To be sure, companies like Symantec are already offering sophisticated anti-malware products. Microsoft, too, regularly provides operating system updates meant partly to fight malware. And myriad small companies offer services; a recent entrant, SiteAdvisor, is launching a product that offers web site ratings based on its automated web-crawling technology.
The key question all consumers should ponder, Zittrain says, is: Who gets control over decisions to either banish a piece of code, or allow it through? “The definitions of what is bad and what is not are not agreed upon; software is constantly changing,” he notes. So giving one company control over the decision to block may not be the right decision for all people.
Zittrain argues that today’s anti-malware efforts may prove to be highly effective solutions. Yet they also reflect a toehold of corporate control over individuals’ computer activities that could metastasize into something more invasive, or one day serve as a vehicle for court-ordered software purges. Consumers should worry, too, that a worsening of Internet security – especially a successful cyber-attack – could precipitate heavy-handed government regulation akin to the USA Patriot Act that followed the September 11 attacks.
Zittrain describes the project as an effort to head off this dystopia, and preserve consumer willingness to operate open PCs. He calls the project a “collaborative effort to define the axes along which software can be evaluated, to develop and distill those evaluations in ways that consumers can understand, and in which they can participate, and to ultimately create an environment where heavy-handed regulation isn’t called upon to deal with these ills in ways that cause a lot of collateral damage.”
Sun, Google, and Lenovo did not immediately respond to interview requests. In a written statement, Cerf sounded a dire tone: “I believe the potential growth of the Internet will be limited if we allow invasive badware and spyware to continue to fester without strong action. All consumers must be in control of their experiences when they browse the Internet and the mass proliferation of badware threatens this control. We cannot allow that to continue. In order to stem the unimpeded growth of badware, we must develop a better understanding of the avenues by which this abusive behavior is conducted in order to inhibit its effects – and I believe that this initiative will help with that.” He added: “The providers of Internet services and software simply must get this problem under control.”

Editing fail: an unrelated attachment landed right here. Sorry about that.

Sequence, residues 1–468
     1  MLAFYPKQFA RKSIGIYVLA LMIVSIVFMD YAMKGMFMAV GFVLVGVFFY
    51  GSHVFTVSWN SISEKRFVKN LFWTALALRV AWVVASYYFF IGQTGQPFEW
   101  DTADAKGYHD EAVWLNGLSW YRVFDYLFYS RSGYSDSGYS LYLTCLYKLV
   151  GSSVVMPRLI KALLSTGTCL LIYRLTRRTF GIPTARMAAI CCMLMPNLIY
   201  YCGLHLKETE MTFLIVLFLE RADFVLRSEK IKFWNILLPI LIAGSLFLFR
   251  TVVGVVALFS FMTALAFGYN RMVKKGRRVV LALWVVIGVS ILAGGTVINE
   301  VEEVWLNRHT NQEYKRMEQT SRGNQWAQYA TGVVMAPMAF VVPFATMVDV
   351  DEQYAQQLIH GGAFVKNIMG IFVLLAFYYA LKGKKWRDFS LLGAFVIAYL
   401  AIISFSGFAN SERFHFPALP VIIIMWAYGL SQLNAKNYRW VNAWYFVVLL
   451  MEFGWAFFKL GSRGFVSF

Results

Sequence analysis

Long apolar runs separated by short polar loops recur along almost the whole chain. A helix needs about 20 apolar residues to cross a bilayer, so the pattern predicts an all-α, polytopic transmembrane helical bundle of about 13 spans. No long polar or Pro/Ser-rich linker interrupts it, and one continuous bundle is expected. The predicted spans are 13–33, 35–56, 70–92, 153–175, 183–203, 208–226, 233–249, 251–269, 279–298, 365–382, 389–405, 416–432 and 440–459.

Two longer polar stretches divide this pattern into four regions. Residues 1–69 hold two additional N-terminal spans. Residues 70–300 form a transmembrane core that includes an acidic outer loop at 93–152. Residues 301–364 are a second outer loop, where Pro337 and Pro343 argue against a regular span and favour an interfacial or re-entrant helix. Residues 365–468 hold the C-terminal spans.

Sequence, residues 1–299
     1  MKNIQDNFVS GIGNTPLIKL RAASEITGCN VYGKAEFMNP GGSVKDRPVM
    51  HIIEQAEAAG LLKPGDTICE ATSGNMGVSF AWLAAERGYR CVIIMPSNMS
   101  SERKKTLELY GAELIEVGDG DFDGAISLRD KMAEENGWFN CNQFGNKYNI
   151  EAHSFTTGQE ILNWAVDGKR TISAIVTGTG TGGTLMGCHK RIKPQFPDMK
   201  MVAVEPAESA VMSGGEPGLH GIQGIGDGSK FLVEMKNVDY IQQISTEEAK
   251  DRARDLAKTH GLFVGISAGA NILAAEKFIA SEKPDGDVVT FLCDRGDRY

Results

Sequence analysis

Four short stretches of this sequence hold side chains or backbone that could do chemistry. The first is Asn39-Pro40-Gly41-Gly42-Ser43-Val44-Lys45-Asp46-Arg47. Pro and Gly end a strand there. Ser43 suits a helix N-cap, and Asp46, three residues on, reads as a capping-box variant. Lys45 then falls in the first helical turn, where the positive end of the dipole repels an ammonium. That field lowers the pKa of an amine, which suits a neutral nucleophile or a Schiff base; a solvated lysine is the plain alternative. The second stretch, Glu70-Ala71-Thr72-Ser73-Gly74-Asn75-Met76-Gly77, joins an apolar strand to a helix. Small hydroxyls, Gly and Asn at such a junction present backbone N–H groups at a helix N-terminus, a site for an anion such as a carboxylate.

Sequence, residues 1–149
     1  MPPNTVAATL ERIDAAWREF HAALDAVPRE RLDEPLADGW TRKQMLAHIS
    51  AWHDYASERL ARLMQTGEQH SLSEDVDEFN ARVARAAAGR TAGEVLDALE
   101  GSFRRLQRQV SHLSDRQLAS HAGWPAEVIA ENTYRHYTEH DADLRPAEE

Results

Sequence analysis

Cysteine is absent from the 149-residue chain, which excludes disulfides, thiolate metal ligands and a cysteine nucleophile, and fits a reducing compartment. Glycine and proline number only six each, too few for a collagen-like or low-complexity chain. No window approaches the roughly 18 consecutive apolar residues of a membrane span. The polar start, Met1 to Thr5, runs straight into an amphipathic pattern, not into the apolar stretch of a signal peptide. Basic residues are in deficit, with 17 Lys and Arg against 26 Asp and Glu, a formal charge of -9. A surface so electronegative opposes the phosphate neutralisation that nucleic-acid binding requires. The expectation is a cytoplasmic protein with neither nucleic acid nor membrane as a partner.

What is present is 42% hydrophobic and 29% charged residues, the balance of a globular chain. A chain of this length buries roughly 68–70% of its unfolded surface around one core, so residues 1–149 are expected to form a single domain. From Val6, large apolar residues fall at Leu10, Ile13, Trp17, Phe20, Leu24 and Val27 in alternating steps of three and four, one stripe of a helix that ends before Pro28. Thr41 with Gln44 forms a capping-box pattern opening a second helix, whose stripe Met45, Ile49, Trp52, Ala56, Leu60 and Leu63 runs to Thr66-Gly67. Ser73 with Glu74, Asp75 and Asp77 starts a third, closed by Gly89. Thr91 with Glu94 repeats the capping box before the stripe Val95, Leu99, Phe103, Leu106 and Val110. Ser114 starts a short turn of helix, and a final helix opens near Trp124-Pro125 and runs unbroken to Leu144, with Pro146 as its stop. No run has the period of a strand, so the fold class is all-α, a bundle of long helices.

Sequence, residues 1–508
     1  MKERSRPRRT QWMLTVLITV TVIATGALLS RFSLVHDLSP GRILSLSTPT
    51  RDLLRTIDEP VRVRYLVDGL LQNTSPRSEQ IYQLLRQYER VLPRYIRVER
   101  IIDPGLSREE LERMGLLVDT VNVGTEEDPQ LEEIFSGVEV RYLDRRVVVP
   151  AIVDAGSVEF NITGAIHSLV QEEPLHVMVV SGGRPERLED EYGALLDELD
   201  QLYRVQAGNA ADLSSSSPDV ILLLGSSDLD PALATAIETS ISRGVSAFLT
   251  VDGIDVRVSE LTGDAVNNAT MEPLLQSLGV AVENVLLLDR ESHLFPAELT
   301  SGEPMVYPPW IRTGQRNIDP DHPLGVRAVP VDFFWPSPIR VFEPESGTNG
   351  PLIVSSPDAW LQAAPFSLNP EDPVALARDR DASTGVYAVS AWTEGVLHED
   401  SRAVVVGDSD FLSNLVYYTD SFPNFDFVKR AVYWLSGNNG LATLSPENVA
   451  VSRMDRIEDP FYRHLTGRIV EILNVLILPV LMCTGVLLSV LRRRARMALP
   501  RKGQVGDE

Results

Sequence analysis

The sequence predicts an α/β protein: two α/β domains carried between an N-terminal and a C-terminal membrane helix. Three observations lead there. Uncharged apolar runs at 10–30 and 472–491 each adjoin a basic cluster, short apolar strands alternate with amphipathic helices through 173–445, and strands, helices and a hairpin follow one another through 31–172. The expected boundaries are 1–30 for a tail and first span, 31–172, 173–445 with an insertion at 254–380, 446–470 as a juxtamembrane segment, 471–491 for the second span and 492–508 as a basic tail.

Cerf and Google left unanswered such questions as whether their www.stopbadware.org involvement might presage a Google bid to enter the PC market with, say, a machine that wards off “evil.” Cerf was cagey about the connection to Google’s corporate moves, offering only the usual high-level Google mission statement that the company would “continue on its path to organize all kinds of network-based information and learn how to index it so that it can be found again. We hope to make what is found more relevant to what the users are looking for at any particular moment.”
What’s clear is that the malware problem is far more than merely annoying. To many leading figures in Internet research, these problems could erode consumer confidence to the degree that Internet growth is stalled (see “The Internet Is Broken”). Earlier this year, MIT’s David D. Clark, an Internet elder statesman and onetime chief protocol architect, characterized the problem this way in a conversation with Technology Review: “We might just be at the point where the utility of the Internet stalls – and perhaps turns downward.” In recent months, Clark himself has been trying to cobble together a government-funded research effort to design new Internet architectures more in tune with the modern era, incorporating security features and other improvements.
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